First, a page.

The Biggest Crypto Hack in History. How It Happened, Why the Hacker Returned All $770 Million, and Why It’s a Great Reminder for Crypto Investors
A hacker, or group of hackers, stole $610 million USD from a protocol called Poly Network. That’s $770 million Canadian, marking the largest crypto hack in the history of the industry. The most mind-blowing part of it all? The hacker (or group of hackers) has already returned the stolen funds.
Both the amount stolen in the hack, and the fact that it’s all willingly returned makes this one of the most monumental stories in all of crypto history, and definitely one of the top stories of 2021.
In this edition of Netcoins Progressive Investor, you’ll get what you’re becoming accustomed to. An in-depth look at the story itself (including how the hack happened and why the hacker/hackers returned the funds, and what it can teach investors about the risks and rewards associated with crypto investing.
How Poly Network Got Hacked for $770 Million
A hacker exploited a flaw in the smart contracts of Poly Network to steal approximately $770 million Canadian back on August 10, 2021. Thanks to the transparency that both the Ethereum and Binance Smart Chain blockchains provide, Poly Network was able to pinpoint exactly where the stolen funds were sent and both addresses were provided to the general public via Twitter.
Although the original tweet didn’t mention that $85 million USD worth of the funds were actually stolen via Polygon Network addresses, it did push the subtotal stolen between the three blockchains to almost $770 million Canadian.
Financial figures aside. The step-by-step process used by hackers to acquire the funds is an interesting case study in itself.
Poly Network functions using keepers, which are trusted entities that sign messages which are then validated by the blockchain. Remember, Ethereum and BSC for example can’t talk to each other directly so they need an intermediary that validates messages between the two.
As long as the keepers aren’t malicious, they should only be signing messages that are already completed on Ethereum before relaying that message to another blockchain for example.
Poly Network has a management smart contract on every blockchain that receives signed data from keepers and verifies that everything is correct. If it is marked correct, it is assumed that the transaction has already happened but there is no way to verify this technology.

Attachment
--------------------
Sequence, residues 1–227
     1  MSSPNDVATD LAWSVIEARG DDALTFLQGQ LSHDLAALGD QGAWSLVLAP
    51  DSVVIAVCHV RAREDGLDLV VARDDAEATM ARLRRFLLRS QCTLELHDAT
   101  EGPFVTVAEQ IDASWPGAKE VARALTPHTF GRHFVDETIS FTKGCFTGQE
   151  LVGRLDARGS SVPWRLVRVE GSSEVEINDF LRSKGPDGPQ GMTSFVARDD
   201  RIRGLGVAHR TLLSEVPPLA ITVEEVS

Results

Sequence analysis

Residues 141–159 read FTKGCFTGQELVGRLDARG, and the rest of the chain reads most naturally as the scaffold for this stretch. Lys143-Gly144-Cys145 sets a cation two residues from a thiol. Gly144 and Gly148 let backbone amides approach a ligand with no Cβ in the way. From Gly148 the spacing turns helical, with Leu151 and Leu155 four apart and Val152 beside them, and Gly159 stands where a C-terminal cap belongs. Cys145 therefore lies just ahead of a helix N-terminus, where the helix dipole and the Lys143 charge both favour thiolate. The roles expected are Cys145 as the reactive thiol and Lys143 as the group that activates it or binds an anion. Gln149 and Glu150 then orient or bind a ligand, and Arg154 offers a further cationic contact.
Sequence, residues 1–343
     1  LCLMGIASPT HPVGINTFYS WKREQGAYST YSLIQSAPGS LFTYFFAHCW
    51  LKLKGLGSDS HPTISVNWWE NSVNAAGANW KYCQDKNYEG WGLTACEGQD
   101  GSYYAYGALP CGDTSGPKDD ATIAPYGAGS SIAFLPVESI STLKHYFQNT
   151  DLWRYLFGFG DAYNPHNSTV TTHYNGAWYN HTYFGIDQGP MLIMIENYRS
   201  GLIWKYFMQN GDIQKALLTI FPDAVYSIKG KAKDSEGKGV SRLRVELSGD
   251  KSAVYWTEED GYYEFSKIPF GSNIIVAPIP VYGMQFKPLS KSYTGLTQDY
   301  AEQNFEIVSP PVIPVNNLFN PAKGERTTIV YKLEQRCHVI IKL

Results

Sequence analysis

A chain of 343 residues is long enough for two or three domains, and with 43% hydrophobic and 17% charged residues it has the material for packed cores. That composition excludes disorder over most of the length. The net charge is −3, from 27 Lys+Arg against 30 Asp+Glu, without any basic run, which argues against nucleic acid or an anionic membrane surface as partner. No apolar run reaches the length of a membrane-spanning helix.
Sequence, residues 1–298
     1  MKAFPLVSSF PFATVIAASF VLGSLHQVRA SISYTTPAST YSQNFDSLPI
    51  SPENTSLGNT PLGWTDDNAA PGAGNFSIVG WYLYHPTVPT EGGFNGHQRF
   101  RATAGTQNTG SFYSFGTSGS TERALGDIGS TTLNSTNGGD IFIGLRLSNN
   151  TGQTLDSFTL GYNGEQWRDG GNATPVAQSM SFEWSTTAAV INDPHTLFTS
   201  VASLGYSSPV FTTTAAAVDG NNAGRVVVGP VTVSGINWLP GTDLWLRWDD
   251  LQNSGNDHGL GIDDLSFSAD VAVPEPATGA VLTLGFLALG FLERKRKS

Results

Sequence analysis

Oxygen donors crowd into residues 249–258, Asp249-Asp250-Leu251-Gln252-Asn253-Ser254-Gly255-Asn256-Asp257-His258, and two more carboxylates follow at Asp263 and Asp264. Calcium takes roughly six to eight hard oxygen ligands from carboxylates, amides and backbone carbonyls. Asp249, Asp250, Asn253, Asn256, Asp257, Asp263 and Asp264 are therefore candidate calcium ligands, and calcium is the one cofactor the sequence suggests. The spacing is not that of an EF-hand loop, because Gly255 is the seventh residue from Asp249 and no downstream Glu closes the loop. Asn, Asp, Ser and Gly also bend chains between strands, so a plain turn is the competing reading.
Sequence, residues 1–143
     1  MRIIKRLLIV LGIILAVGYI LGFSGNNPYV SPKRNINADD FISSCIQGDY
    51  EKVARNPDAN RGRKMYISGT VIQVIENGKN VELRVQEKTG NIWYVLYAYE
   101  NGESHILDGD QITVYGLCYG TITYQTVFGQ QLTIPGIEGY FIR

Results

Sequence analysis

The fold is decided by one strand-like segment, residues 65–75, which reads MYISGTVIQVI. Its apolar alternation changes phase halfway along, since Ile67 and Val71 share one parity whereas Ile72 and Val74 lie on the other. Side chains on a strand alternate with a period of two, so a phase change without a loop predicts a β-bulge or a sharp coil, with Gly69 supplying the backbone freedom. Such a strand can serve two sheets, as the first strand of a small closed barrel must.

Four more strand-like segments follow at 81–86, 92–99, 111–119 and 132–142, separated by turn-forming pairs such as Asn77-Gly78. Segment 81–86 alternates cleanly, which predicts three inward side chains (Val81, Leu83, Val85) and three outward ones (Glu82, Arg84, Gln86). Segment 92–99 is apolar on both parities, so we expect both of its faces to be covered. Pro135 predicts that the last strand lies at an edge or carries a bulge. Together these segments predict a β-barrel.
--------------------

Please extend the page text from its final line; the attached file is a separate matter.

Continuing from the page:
The transaction is then re-broadcasted on the target chain.
More on the Hacker’s Approach to the Heist
Anytime $770 million in stolen funds exchanges hands in crypto – and thanks to a hack – it’s bad news for the industry. The concern with the Poly Network hack, in particular, was not just about the money, however. The protocol itself is dedicated to facilitating blockchain interoperability, which means users looking to take advantage of Poly Network’s benefits might be exchanging all kinds of different tokens between one another. That means messages can be passed around between chains.
The chief product that Poly Network offers is a bridge where users can move tokens between blockchains by locking the tokens on one blockchain and unlocking them on another. The locked and unlocked tokens should always balance. The hacker managed to unlock tokens without disrupting this balance and without having to leave any tokens locked in themselves.
In the section above, we went over the idea of a management contract signing off on transactions that are already broadcast on an origin blockchain before they get moved to a target blockchain. If the management contract has the admin authority to sign off on transactions, a transaction that is supposed to fail might go through on the target blockchain.
Thus, the hacker put through a transaction that failed on the origin blockchain, but the management contract was able to replace the keepers and the hacker could then register transactions on the recipient blockchain, which allowed the funds to be removed and sent to the hacker’s address of choice.
Poly Network Was Able to Stop Further Damage
Here’s the good news. Poly Network’s main cross-chain swap platform is run by a company called 03 Labs and they were able to suspend swapping on their platform, which limited users from losing even more of their funds.
Tether Limited, the company behind the U.S. Dollar Tether token also chipped in and helped out as the organization was able to freeze $33 million USD worth of tokens before they could be stolen.